The hunger strike is expected to expand Monday morning, with over 2,000 prisoners participating. Palestinian Prime Minister Rami Hamdallah announced his support of the strike, as did leaders of Hamas in the Gaza Strip.
Qadura Fares, director of the Palestinian Prisoners Club and an ally of Barghouti, told Haaretz that the Prisoners Club, the prisoners and their families will work to bring the prisoners' cause to the forefront over the next few days. According to Fares, Israel could have prevented the hunger strike had it entered into real negotiations with the prisoners and not ignored the situation.
Nearly 2,900 Palestinian prisoners jailed in Israel and affiliated with Fatah have threatened to launch a hunger strike over the past several weeks. Barghouti, the campaign's organizer, has often been floated as a possible successor to Palestinian President Mahmoud Abbas.
The fate of more than 5,000 Palestinian prisoners in Israel, whose number has grown considerably in the past 18 months due to the wave of stabbing and car-ramming attacks (the “lone-wolf intifada”), affects nearly every family in the territories. A hunger strike, if it is widely observed and well managed, could immediately turn up the heat in the Israeli-Palestinian arena. If down the road a threat to the strikers’ lives develops, it could lead to another wave of violence.
The April 17 date was originally chosen with an eye on the start of Ramadan, which is toward the end of May. A full hunger strike during Ramadan, when Palestinians fast by day and break their fasts at night, could be religiously problematic. Setting a potential strike period of a little over a month will allow the struggle against Israel to escalate, but also limits it in time so as to prevent a total loss of control. It also marks the annual Palestinian prisoners day anniversary.
According to the Israel Prison Service regulations, it is an offense for a prisoner to refuse his or her meal and the striking prisoners will be subect to disciplniary measures accordingly. "Prisoners who decide to [hunger] strike will face serious consequences," the Prison Service said in a statement. "Strikes and protests are illegal activities and will face unwavering penalization." The statement added that "In accordance with the policy set by the minister of public security, the Prison Service does not negotiate with the prisoners."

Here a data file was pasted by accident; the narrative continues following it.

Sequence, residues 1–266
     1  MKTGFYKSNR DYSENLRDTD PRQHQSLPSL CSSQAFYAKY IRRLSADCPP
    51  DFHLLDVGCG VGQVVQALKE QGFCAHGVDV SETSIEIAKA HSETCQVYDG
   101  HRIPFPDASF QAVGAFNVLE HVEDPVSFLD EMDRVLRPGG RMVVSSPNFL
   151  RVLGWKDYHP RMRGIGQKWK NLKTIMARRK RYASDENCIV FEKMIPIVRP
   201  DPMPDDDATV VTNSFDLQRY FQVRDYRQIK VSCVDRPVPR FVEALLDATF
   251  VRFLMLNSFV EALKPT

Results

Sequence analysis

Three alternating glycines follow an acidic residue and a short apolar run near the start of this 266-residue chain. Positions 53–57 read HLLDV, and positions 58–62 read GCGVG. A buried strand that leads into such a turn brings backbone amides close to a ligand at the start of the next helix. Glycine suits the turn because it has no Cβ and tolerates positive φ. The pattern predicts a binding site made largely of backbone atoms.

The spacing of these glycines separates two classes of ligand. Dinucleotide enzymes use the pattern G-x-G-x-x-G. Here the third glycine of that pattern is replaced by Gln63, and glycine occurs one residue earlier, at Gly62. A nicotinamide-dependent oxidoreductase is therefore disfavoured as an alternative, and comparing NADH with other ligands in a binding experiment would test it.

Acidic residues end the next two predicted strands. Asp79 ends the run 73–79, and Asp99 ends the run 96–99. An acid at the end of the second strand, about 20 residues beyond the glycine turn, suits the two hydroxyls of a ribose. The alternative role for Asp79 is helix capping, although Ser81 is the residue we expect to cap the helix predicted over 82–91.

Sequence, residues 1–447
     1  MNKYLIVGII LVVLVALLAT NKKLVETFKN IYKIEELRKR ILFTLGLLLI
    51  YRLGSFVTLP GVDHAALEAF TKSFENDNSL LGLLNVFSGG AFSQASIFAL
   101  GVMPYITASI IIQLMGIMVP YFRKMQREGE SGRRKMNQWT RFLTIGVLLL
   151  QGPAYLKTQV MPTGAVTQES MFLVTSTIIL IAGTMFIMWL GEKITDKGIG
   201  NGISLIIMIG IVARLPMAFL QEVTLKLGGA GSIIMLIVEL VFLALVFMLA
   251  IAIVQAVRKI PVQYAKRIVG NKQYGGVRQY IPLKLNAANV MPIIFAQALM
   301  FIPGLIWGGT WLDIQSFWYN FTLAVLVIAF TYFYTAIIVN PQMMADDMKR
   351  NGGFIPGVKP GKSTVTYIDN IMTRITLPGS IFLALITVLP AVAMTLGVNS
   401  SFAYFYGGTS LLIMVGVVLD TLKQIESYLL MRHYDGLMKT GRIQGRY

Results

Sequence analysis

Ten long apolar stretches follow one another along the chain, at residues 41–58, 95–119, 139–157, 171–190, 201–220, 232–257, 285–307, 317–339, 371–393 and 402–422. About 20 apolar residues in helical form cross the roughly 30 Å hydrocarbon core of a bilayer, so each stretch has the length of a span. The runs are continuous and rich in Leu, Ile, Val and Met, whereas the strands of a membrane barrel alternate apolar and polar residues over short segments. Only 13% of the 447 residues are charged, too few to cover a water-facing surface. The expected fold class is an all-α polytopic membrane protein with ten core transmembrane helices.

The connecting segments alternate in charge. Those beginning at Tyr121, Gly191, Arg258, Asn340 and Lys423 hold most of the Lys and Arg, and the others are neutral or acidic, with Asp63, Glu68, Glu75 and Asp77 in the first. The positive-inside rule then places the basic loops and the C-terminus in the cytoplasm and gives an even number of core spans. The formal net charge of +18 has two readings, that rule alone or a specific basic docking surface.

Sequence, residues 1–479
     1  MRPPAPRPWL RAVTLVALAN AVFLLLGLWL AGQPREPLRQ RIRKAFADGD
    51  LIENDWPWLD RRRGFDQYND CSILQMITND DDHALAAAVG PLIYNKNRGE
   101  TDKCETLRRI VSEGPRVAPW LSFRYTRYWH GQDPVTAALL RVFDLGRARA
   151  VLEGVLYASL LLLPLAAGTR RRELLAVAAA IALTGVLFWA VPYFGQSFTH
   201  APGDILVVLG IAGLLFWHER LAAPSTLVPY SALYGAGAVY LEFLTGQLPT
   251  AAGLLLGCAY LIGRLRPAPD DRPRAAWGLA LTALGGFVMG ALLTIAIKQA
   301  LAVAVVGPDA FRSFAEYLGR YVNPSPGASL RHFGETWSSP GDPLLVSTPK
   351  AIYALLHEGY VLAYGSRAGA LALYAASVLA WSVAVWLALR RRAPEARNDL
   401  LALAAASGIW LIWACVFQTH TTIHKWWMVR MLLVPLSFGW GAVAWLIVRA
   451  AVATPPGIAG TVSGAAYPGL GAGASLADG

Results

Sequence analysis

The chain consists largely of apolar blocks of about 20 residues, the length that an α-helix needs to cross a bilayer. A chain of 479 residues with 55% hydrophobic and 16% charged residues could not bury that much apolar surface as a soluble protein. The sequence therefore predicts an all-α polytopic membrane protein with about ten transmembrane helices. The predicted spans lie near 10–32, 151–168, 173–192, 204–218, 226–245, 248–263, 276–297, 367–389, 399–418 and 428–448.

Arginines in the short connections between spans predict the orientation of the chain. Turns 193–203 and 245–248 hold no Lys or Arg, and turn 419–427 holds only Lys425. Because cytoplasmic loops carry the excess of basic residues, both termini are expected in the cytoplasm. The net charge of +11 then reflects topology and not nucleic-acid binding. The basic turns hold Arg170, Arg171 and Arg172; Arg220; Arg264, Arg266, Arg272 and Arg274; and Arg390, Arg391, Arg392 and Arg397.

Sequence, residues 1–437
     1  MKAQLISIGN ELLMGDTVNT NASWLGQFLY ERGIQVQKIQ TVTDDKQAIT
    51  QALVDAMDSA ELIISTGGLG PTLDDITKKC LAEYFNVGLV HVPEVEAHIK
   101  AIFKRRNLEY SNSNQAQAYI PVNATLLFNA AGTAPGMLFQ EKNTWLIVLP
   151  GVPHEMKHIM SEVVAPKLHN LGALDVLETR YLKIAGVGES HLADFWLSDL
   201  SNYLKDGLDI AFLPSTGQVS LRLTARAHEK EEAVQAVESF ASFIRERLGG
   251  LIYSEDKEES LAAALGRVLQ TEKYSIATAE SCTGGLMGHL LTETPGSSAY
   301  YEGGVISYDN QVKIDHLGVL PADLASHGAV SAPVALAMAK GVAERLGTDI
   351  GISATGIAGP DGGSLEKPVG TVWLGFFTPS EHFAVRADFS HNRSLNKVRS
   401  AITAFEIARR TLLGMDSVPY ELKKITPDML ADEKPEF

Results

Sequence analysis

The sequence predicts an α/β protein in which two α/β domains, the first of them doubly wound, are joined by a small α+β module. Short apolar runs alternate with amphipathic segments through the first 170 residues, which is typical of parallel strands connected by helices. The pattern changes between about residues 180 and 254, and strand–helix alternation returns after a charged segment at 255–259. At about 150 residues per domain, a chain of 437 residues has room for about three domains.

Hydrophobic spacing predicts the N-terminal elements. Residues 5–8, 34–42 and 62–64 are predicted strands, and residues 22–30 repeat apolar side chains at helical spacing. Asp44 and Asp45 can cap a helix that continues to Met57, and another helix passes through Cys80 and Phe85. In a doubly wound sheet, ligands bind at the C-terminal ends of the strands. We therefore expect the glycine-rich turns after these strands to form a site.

The prisoners drafted a list of demands approximately two weeks ago, which includes the revoking of detention without trial and solitary confinement. The hunger strikers also demand the reinstatement of a number of rights that had been revoked, in addition to demanding the installation of a pay phone in each wing, more frequent family visits and the possibility of being photographed with family members during visits.
MK Dr. Yousef Jabareen (Joint List) called on the government to meet the prisoners' demands. "The prisoners agree to have their calls monitored by the Prison Service, so that the alleged security reasons given by the Prison Service and the Shin Bet against installing telephones are void." He said. "Israel is holding prisoners within its territory, breaching the rules of the Fourth Geneva Convention. One of the immediate circumstances of this violation is a perpetual difficulty with family visits to the prison. The delivery of mail is also limited and hardly takes place. Keeping in touch with one's family is an essential matter for every
Last year, about 260 Hamas prisoners went on hunger strike for two days in response to the Prison Service dispersing the wings in which they were imprisoned, while 40 Prisoners of the Palestinian Front for the Liberation of Palestine (PFLP) went on hunger strike in solidarity with the administrative detainee Bilal Kaed, who had been in captivity for 70 days.